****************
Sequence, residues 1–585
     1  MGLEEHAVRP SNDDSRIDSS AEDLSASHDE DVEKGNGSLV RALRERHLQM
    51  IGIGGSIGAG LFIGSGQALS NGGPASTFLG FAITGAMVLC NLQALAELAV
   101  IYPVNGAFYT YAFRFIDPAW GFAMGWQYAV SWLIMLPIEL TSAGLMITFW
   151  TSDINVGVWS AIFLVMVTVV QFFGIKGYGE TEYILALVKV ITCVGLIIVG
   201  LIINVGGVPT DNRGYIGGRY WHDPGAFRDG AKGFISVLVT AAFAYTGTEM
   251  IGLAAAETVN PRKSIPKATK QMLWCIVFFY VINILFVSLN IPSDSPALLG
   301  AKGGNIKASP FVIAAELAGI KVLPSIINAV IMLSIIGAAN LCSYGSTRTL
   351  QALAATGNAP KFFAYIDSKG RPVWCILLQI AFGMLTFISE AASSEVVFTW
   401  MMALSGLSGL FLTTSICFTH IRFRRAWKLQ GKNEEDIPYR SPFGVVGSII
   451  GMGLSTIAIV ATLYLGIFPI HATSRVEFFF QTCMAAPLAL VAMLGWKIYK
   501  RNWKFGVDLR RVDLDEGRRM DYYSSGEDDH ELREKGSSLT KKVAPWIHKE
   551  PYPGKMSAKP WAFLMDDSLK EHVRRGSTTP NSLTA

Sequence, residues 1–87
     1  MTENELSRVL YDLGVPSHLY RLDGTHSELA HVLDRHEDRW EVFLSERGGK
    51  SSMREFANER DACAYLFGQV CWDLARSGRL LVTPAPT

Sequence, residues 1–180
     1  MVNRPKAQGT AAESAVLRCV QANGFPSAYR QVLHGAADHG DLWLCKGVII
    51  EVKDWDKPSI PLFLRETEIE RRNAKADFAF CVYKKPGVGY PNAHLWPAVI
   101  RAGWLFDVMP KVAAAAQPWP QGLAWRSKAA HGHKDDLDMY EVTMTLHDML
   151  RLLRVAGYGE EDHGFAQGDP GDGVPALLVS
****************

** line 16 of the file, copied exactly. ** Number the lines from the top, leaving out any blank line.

    51  SSMREFANER DACAYLFGQV CWDLARSGRL LVTPAPT